Saturday, February 23, 2013

Heavy in your arms

I took advantage of this rainy Saturday evening to engage in a magical three-way with my couch, t.v, and Papa John's. With Pandora quietly playing in the background, a song by Florence and the Machine came on. It caught my attention and I immediately YouTubed it. The song is basically homage to Virginia Woolf's suicide and the lyrics say it all: 

I was a heavy heart to carry
My beloved was weighed down
My arms around his neck 
My fingers laced to crown

I was a heavy heart to carry
My feet dragged across the ground
And he took me to the river
Where he slowly let me drown

The lyrics also made me think of Virginia Woolf's suicide note to Leonard. In it she writes:

"I know that I am spoiling your life, that without me you could work. And you will I know." 

Anyways, the video is super eerie but I hope you guys enjoy! 

Thursday, February 21, 2013

The Hours

            I had heard of the movie, “The Hours,” shortly before starting this class. When I realized the movie was based on several characters reading Mrs. Dalloway, I made a mental note to myself to be sure to watch the movie after we finished the book. So a couple days ago that’s exactly what I did. I don't really want to give a movie review. I can honestly see how different people can take the movie in different ways. At points it's a bit slow, and overall a bit depressing, but not surprisingly so.  What I found most fun about watching this movie however was trying to guess which characters in the movie represented characters in the actual novel. For this reason alone I would recommend watching the movie.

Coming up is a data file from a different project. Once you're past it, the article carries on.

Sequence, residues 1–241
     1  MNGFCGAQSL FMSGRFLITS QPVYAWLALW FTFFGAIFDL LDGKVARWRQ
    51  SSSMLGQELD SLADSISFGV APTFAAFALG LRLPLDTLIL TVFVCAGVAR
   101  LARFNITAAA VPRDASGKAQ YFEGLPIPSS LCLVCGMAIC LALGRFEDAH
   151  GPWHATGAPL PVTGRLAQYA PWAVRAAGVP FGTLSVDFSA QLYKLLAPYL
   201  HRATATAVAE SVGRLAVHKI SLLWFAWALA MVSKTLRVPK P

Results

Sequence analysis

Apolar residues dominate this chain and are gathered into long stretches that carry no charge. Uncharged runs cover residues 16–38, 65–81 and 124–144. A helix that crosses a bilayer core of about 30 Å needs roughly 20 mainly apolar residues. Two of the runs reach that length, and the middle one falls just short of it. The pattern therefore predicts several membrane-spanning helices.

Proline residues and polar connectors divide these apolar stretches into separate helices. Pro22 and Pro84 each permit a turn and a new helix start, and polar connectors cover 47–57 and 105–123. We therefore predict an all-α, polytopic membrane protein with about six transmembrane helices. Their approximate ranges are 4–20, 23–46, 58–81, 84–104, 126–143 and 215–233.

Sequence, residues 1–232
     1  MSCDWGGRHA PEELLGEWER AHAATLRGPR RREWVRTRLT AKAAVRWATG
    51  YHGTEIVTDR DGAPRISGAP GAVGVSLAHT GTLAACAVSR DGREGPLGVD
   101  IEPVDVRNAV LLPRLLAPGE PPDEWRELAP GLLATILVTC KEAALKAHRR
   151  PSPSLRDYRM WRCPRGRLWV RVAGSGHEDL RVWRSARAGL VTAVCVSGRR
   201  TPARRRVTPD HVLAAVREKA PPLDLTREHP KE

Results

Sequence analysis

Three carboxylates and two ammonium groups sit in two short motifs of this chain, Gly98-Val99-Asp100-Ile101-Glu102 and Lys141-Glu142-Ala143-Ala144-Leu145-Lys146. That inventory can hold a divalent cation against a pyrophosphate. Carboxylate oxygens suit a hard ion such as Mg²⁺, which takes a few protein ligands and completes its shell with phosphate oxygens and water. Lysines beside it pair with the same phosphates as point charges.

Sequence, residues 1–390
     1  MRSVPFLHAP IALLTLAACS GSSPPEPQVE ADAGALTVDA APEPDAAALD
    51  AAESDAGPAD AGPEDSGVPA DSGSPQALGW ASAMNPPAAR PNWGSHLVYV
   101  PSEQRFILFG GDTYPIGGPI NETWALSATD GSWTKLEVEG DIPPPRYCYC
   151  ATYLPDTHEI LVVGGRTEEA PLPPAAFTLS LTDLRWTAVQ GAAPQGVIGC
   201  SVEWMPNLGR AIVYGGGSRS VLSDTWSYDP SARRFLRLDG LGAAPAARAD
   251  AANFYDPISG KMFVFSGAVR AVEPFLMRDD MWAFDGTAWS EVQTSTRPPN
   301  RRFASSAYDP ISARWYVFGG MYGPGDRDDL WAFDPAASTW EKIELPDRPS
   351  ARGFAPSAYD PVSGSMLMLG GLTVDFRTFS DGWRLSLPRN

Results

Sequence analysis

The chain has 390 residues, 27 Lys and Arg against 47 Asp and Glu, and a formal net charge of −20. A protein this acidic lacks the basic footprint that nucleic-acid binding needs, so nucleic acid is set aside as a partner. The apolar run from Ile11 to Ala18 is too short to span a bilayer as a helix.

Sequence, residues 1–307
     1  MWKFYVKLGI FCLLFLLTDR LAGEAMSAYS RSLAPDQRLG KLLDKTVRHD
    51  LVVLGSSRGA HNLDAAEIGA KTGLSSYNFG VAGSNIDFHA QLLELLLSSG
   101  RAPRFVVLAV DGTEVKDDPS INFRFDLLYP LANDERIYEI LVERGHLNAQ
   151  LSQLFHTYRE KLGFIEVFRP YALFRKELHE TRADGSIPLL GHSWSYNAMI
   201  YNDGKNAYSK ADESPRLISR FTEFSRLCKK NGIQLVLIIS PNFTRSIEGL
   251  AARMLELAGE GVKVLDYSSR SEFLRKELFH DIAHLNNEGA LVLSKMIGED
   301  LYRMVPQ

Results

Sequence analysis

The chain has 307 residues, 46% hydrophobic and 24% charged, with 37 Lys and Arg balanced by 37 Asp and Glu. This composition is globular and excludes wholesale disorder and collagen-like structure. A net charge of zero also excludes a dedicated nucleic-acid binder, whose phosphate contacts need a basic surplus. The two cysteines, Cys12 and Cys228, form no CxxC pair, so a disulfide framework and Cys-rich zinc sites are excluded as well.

A very nice aspect of the movie is that it shows the lives of three women simultaneously, and how reading Mrs. Dalloway has effected them. One of these women depicted is Virginia Woolf, who is played by Nicole Kidman who I must say is practically unrecognizable ( She actually wore a prosthetic nose for the role). Anyhow I found seeing Woolf’s life played out very interesting. It almost sets up Woolf's life as a character herself, and was personally a reminder for me how much of her own life comes through her novels.
            The second largest role in the movie is a character actually named Clarissa. The story line is that she is throwing a party for her friend who is a writer and has won an award. Her friend jokingly calls her Mrs. Dalloway but it is interesting that at many times we see how her life has literal connections to Clarissa Dalloway of the novel. For example, the movie starts with her buying a bunch of flowers for the party. We also see that many of her relationships throughout the movie resemble similar relationships described in the novel. What I liked about the movie but also what frustrated me was that it really played around with names of the characters. In the movie the writer whom Clarissa is throwing a party for is named Richard. Clarissa in the movie is actually married to a woman named Sally. However, just like the book the movie depicts that there is some distance in their relationship. Sally even brings home flowers for Clarissa and tosses them aside when she sees that the house is filled with flowers already.
            The movie has nice one liners that really make you reflect on the novel, for example, Richard tells Clarissa 'Oh Mrs. Dalloway always giving parties to cover the silence.' This line in particular made me think how in everyday life we ourselves do things, to “put on a show,” or a façade, and just in general distract ourselves from dealing with silence which often fosters reflection of the inevitable truth of what may be conflicting us.
Another line that relates, is when one character asks the other what the book she is reading (Mrs. Dalloway) is about, and she replies, 'this woman who's a hostess and incredibly confident and she's going to give a party, and maybe because she's confident everyone thinks she's fine but she isn't.'